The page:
Draw out all the reasons you're suitable for the job and wave them under the employer's nose: It's not uncommon for graduates to worry that referring in a covering letter to experience and achievements mentioned on the CV will be repetitive and unnecessary as the recruiter will get to the CV eventually. The result can be a letter with bland, unsupported statements creating a distinctly underwhelming first impression that is anything but a good advert for the CV. A good covering letter should whet the employer's appetite to read your CV - and ultimately to meet you - by drawing their attention to your experiences and achievements which most convincingly showcase your skills and suitability for the role. No one is saying that doing this succinctly is easy - Mark Twain's famous remark "I didn't have time to write a short letter, so I wrote a long one instead," says it all. But unsubstantiated, subjective claims are more likely to annoy than impress - so work out what the key pieces of evidence for your credibility are and use the covering letter to wave them under the employer's nose.
Hannah Clements is a careers guidance specialist at the University of the Arts London
Think of your covering letter as a love letter, setting out why you and the employer are perfect for each other: Make sure it is relevant to who you are writing to and what you are writing for. Generic covering letters do not work as they do not focus and give concrete examples, or enable a prospective employer to see how you fit with them. One HR professional actually suggested to me that students and graduates should be approaching employers with a covering letter that reads like a love letter. He meant that you should be writing and telling them why you are for them and why they are for you - why you are the perfect match. If you are applying for a specific role, make sure you look at their criteria and match this to your skills and experience, giving examples of where you have developed these skills. Your examples can include previous employment, course projects, volunteering, and so on. The way you present your covering letter will make a big difference as to whether it is read or not.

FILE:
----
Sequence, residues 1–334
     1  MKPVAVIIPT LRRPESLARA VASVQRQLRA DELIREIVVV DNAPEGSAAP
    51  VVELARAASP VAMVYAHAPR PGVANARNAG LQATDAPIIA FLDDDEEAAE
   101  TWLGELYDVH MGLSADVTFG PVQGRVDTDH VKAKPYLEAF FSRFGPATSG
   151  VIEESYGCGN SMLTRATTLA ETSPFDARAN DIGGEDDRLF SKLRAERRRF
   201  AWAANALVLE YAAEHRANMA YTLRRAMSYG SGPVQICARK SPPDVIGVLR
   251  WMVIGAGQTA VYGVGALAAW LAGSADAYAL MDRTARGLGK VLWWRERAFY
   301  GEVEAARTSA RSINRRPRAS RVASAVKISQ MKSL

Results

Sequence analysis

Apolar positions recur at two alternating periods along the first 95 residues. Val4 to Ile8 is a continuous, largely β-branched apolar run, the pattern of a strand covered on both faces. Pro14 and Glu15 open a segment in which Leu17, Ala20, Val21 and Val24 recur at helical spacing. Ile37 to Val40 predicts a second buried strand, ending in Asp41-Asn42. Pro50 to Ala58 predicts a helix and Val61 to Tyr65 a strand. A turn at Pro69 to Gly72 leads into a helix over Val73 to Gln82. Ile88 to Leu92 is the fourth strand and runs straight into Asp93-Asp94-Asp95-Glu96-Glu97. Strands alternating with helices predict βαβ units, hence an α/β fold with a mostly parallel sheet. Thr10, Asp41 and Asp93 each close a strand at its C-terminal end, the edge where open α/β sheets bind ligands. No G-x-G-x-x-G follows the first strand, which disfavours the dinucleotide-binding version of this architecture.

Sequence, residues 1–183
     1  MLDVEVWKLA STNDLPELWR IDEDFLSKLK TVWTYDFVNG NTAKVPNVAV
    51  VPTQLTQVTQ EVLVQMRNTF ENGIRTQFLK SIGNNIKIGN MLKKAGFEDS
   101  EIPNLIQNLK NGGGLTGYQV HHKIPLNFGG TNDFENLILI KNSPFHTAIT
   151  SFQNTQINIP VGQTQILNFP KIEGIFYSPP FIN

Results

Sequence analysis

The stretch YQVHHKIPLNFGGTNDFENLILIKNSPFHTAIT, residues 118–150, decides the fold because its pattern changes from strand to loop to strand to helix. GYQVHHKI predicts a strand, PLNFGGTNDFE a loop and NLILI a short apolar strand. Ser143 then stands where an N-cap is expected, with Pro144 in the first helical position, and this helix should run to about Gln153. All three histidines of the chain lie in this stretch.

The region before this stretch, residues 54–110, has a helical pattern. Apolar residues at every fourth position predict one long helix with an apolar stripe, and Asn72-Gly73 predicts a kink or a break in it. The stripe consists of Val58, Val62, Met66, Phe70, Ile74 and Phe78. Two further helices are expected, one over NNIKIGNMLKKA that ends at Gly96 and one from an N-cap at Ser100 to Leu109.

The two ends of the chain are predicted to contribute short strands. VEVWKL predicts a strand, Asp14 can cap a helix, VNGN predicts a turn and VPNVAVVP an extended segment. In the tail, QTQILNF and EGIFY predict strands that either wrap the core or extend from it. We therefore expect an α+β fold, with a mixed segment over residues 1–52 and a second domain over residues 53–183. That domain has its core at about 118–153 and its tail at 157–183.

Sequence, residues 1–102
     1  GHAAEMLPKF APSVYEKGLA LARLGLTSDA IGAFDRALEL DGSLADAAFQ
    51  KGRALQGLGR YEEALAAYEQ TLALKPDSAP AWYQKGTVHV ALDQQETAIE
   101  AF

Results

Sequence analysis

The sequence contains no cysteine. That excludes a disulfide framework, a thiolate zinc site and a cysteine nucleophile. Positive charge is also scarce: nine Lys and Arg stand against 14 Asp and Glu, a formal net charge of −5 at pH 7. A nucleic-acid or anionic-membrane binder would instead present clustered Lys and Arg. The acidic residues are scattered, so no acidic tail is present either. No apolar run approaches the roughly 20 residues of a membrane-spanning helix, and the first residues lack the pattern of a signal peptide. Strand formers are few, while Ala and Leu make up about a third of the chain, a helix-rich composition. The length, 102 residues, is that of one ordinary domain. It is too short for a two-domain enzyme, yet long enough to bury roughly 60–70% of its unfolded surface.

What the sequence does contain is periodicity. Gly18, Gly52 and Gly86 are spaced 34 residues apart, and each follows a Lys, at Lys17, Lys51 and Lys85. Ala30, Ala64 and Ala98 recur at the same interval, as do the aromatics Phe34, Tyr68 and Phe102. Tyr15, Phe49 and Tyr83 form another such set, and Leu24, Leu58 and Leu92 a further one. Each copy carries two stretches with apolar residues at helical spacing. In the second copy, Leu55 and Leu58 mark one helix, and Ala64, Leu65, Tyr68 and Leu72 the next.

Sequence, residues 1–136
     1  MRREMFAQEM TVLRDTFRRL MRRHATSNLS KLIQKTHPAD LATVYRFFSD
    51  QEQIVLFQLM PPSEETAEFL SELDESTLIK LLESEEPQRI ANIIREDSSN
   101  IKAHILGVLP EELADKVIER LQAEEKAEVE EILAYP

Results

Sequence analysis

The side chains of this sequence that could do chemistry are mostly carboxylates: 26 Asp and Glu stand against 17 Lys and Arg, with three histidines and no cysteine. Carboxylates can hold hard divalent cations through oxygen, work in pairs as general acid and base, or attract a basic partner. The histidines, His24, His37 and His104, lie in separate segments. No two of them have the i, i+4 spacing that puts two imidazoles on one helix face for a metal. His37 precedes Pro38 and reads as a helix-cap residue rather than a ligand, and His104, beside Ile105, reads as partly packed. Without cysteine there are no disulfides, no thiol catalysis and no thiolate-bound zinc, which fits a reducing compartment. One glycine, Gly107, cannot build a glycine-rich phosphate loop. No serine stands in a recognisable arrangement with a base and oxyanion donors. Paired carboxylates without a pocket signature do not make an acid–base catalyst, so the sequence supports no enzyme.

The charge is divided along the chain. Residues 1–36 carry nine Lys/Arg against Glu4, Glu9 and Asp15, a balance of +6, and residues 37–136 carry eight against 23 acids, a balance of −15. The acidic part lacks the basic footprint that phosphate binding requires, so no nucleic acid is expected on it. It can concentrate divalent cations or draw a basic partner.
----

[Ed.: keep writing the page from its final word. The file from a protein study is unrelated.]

Phil Marsland is a careers adviser at Leeds Metropolitan University
If a letter reads well, looks and feels good then it is likely that the recruiter will identify those qualities with the candidate: Consider providing a follow-up opportunity or action "I will telephone you on the morning of…" or "I am available for interview…" Keep your letter clear and concise - preferably on one side of plain A4 paper. Remember KISS (keep it short and simple). And finally, use good quality paper and a high quality printer. If a letter reads well, looks and feels good then it is likely that the recruiter will identify those qualities with the candidate. A good covering letter will not get you a job alone but it might encourage an employer to single out your application in preference to others.
Lesley Hassall is careers information and guidance manager at the University of Wolverhampton
An uninspiring covering letter increases the risk of your CV not being read: Your covering letter is the packaging for your CV, just as the design of a bottle represents the perfume inside or the picture on a box represents the chocolates it contains. You need to take care that your letter is consistent with the style, presentation and quality of your CV, and makes the employer wants to open the packaging to find out more about you. Sadly, many people underestimate both the importance of the covering letter and the skill involved in writing a good one; this increases the risk that the employer never reads your CV at all.
Alexandra Hemingway is a careers adviser at the University of Surrey